Hiking the Tahquitz Canyon Trail in Palm Springs, California
Tahquitz Canyon is a sacred area for the Agua Caliente tribe, named after a powerful shaman. It’s said that his spirit continues to live in the canyon and the mountain today, triggering unexplained natural phenomena at times.
Once you get into the canyon, it’s easy to see why the tribe’s ancestors sought refuge in this beautiful canyon during the hot summer months in the desert. A stream flows mostly year-round alongside the trail for most of the mile-long journey to the falls. The waterfall itself is a powerful 80-foot wonder that drops into a pool at the base of the mountain. You can swim in the pool for as long as you can endure the chilly water.
The hike to the falls gains about 300 feet in elevation, and due to the area’s sacred status, the tribe asks hikers to stay on designated trails.
There is an admission fee to gain entrance to the trail, and you can hike it on your own or join a guided tour.
Golden Canyon Trail, Death Valley National Park, California
Golden Canyon Trail is possibly the most well-traveled of any in Death Valley National Park – and for good reason.
Take a trip down this trail as the sunlight hits the surrounding cliffs, including the amazing Red Cathedral formation, and it’s obvious how the canyon was named.
The trail itself is well-marked and easy to follow and the in-and-out trail to Red Cathedral is about 3 miles round-trip. Add 4 miles if you decide to take the Gower Gulch loop to the south.
The Golden Canyon Trail occasionally drops into a sandy wash or over boulders so good footwear is essential. And just in case you need to be reminded: Probably steer clear of any Death Valley hiking during the sweltering summer months.
Salt flats at Badwater Basin, lowest elevation in the U.S., in Death Valley National Park, California
You won’t get any lower than this. Not in North America, anyway.
Badwater Basin is an open expanse of sand and salt flats 282 feet below sea level, the lowest point on North America. And if you want to know exactly how low you are, scan the rock cliff to the east until you see the sign reading “Sea Level” bolted at the appropriate height.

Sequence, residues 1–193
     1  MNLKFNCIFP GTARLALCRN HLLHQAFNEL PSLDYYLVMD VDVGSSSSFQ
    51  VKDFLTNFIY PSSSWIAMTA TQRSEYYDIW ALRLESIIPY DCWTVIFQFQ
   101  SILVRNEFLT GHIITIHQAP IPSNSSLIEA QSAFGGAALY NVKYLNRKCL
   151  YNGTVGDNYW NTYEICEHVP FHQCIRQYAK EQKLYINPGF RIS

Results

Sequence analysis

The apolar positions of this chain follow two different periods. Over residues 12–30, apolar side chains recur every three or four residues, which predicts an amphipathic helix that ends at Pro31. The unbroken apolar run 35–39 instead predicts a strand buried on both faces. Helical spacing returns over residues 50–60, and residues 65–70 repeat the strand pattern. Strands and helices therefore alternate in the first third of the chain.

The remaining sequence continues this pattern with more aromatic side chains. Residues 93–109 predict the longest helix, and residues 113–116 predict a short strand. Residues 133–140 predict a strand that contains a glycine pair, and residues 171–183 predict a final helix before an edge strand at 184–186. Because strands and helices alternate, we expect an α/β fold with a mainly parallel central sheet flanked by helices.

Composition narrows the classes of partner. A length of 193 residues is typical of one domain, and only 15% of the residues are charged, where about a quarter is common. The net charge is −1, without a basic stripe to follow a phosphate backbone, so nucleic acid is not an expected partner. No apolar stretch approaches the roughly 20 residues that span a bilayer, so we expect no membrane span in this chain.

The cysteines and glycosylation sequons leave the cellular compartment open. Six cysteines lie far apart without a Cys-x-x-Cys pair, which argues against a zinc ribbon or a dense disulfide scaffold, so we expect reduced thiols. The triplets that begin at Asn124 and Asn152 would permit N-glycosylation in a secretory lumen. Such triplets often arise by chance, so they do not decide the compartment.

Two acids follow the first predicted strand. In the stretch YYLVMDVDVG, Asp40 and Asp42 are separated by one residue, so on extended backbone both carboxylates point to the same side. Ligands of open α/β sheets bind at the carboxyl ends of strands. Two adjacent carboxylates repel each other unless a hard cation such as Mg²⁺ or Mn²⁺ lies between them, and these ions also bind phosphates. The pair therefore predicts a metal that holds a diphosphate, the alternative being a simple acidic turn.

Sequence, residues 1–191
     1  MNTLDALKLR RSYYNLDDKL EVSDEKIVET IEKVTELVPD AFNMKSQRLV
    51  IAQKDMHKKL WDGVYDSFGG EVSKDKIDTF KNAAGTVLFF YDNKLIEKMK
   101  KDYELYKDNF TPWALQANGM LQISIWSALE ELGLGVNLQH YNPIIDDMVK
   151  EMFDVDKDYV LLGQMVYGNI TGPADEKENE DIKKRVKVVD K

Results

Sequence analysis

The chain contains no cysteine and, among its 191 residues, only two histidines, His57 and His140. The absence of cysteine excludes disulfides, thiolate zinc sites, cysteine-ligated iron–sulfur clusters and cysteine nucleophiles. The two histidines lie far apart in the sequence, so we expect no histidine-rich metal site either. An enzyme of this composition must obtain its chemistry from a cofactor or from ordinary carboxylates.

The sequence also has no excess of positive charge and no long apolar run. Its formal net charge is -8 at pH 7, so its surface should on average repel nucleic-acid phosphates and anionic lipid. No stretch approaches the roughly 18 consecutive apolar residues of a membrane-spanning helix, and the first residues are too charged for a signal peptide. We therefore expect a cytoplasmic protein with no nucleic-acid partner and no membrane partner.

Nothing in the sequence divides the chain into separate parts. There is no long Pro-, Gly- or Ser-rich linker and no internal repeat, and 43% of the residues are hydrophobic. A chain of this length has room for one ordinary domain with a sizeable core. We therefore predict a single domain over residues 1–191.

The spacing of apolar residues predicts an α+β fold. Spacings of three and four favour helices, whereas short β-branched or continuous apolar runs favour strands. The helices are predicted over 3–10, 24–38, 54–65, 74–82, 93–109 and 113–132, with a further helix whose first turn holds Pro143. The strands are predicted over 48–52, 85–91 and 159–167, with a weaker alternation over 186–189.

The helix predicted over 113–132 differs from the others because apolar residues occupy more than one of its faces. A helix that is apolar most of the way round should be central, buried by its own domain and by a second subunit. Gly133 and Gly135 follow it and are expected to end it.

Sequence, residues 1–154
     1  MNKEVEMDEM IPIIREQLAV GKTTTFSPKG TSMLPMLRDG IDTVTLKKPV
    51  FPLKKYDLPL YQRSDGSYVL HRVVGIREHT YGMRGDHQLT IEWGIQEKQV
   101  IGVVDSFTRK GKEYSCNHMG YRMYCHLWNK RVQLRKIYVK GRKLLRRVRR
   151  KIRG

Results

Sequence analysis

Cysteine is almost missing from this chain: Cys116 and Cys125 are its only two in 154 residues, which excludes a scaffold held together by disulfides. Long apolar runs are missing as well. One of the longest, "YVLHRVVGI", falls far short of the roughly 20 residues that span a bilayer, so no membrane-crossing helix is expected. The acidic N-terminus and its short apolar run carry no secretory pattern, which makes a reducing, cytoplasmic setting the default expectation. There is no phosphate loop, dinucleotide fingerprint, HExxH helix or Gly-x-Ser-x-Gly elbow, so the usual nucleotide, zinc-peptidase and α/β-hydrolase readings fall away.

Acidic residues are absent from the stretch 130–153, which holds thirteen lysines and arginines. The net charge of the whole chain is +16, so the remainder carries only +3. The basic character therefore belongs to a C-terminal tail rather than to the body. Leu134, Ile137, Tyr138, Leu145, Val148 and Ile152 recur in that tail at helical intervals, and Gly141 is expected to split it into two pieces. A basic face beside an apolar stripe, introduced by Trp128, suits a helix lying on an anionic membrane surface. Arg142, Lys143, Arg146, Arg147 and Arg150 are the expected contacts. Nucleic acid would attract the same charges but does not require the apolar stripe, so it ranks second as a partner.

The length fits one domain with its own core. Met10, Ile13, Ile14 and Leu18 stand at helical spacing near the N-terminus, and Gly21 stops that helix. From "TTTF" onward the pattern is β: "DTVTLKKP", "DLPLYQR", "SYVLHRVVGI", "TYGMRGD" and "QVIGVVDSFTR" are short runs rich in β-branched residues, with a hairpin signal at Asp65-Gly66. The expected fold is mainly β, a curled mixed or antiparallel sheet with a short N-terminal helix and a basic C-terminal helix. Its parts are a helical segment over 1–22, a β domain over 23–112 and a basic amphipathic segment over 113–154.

It is desolate – but far from empty. Given its extreme status, this is one of the most visited spots in the vast Death Valley National Park, where temperatures can reach 130 degrees in the summer. Winter brings more tolerable temps, but the air chills dramatically once the sun goes down.
The salt flats stretch far into the basin, so visitors can walk around at their own pace and direction. And the basin is almost perfectly flat so there is no elevation gain from the bottom of this side of the Earth.
Before you even get to the meat of this hike, you walk about a mile following a concrete culvert. On the other side of this culvert, past the fences, is a little compound called Porcupine Creek. It is notable because Oracle CEO Larry Ellison bought the property for over $40 million in 2011 and has hosted some high-profile guests, including President Obama. So hiking tip: Probably don’t try to jump the fence to get a better look (you really can’t see much of Porcupine Creek from this trail).
With the real estate background out of the way, after walking your mile past Mr. Ellison’s vacation home, you’ll scoot down a concrete incline and soon into a small canyon. At the end of this canyon is the first of several (usually) dry waterfalls to scale. There are probably about 7 dry falls to climb, and the second one at about 30 feet is the toughest to get up and back down. If you’re in reasonably good shape, careful and not afraid of heights, even Fall #2 should be a fun challenge.
I turned back at an imposing rock face about 2.5 miles in, although I’ve seen others climb it. The trail is an out-and-back one, so you can turn around and go back the way you came at any time.
The area is technically only open to humans between October and December due to bighorn sheep territory.
View of Horseshoe Palms in the Coachella Valley Preserve.
The Coachella Valley Preserve has a wealth of trails to follow, and this one takes you through a barren and unforgiving landscape to two different palm oases, which around formed due to their proximity atop the infamous San Andreas Fault.
First note: Do NOT attempt this hike during the summer. People have died on the trails once the mercury soars above 100 degrees F. And take plenty of water regardless of the time of year.
After parking in the preserve’s lot, head southeast on the short section of trail that leads across the road (and past an alternate parking area) and keep following the signs to the palm areas until you reach a set of stairs built into the ridge. Head up them and you’ll see a sign at the top pointing you in the right way.
From this junction, you can head to three different oases – Pushawalla, Horseshoe and Hidden palms. Follow the well-posted signs through a rocky, moon-like landscape with sparse vegetation (just a few creosote and brittlebush survive here) to choose the one you want. Hidden Palms to the south is thicker and offers more shade than Horseshoe, although the route I took and posted below takes you by both.
There is a steep downgrade before reaching Horseshoe Palms, then you’ll walk down a jeep road that connects you to Hidden Palms. After heading north from Hidden Palms, you’ll climb back to the moon landscape, where you’ll double-back on the trail you started on.